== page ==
A few months ago I had an elaborate plan for Noah’s first moviegoing experience. At Easter time, I found the newest kids movie and looked up a sensory friendly viewing. I found one a few towns away. I sent my husband to the Build-A-Bear Workshop to create the main character, which I had seen in an email advertisement. When the day came, I was very excited. Noah was excited too but not because we were going to see a movie, but because of the popcorn. That was good enough for me. Larry brought Noah into the theatre while I placed the bunny from the movie in Noah’s car seat for him to find when we came back out to the car. When I got back inside, we all settled into our seats where I expected the fun to begin.
After a trip to the restroom with Daddy the movie began. I expected the lights to dim, which they didn’t and you could barely here the movie because the sound was so low. I guess they weren’t kidding when they said “lights up, sound down.” It was lit up in there like the Vegas strip! We were able to ply Noah into staying in his seat for about…oh…25 minutes. (sigh) Thankfully there weren’t very many other movie viewers in the theatre. We did end up staying through the whole show, but Larry and I were both exhausted by the end of the 90 minute movie. That was okay though, right? It would all be worth it when Noah got to the car and saw the bunny, just for him, in his seat.
Out to the car we went. Larry opened the door for Noah as I perched just the other side of the window with my camera. Noah didn’t miss a beat as he swiped the bunny on the floor without even looking. “Noah, look!” I said as I picked the bunny up off the floor. “It’s the bunny from the movie!” No dice. To this day he still hasn’t taken any interest in that dumb rabbit!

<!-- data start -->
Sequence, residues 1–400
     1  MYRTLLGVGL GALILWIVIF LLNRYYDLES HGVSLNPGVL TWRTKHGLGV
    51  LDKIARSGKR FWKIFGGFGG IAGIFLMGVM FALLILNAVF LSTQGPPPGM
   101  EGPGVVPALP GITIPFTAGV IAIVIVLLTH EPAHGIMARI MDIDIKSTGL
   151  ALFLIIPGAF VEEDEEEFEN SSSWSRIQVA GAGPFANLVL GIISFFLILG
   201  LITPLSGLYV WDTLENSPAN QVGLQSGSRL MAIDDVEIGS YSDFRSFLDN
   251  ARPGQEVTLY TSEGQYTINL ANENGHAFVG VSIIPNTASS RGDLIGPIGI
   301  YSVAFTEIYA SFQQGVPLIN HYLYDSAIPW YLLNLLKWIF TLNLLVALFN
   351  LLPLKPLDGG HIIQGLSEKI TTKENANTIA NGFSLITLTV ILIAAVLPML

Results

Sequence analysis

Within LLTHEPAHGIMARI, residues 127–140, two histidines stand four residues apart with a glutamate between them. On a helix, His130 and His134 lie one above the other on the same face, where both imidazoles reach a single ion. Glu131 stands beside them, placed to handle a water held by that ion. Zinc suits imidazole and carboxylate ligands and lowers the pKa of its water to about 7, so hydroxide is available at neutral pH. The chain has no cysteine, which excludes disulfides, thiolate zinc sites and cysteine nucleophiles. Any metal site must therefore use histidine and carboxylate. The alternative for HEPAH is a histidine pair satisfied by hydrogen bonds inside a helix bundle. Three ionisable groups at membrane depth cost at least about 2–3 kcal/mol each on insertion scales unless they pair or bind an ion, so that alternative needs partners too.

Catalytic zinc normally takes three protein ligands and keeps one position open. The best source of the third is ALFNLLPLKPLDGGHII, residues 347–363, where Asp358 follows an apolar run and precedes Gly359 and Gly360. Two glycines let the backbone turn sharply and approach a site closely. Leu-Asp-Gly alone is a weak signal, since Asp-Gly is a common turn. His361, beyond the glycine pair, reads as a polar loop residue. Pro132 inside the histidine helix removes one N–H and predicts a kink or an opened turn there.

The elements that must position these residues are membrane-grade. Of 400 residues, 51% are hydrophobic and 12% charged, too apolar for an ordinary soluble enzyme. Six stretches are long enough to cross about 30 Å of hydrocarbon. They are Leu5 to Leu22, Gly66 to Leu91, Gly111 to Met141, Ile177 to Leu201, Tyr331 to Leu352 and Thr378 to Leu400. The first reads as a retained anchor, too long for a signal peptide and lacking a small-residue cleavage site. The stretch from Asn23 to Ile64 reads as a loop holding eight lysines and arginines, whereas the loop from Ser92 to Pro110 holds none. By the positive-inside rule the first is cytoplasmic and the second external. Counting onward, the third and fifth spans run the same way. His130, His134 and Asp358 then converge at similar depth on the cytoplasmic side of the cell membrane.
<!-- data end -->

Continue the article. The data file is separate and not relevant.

I’m a planner that doesn’t like suprises. This is one reason of many why I’m not a great fit to be an autism parent. I often plan things well in advance and have a tendency to feel let down when things don’t go as planned. You’d think that I would learn. Unfortunately, this Christmas, just like all the others was no exception to my habit. After Noah showed interest in a particular toy, I searched high and low until we got it for the best price possible. I baked, I wrapped, I decorated, we went to see light displays. All in hopes to peak his interest for Christmas morning. We he awoke I Christmas morning I thought he would love the FAO Schwartzesque display in the living room. Again, no dice. He looked a a couple of the unwrapped toys and moved on to things more familiar: old books and his iPad. When conversation and our encouragement to get him interested in his gifts was too much, he put on headphones and began running around the house. Not exactly the scene I was looking for.
All wasn’t lost, though. Noah opened up all of his gifts in his own time. He’s even played with most of them. Some of them were a huge hit, like the drum set that my parents got him. (No pun intended.) He did love going to see the lights and seemed interested in the tree. Plus, we got a lot of family time in doing these things. I can’t get enough of that kid, so that’s a big plus.
I won’t stop planning and I won’t stop expecting. To do that would be giving up hope. What I have learned is that we have to let Noah experience the things that we prepare for him at his own pace and in his own way. Our job is to expose him to as many experiences as we can, accept how he experiences those things and love him. I plan to do just that.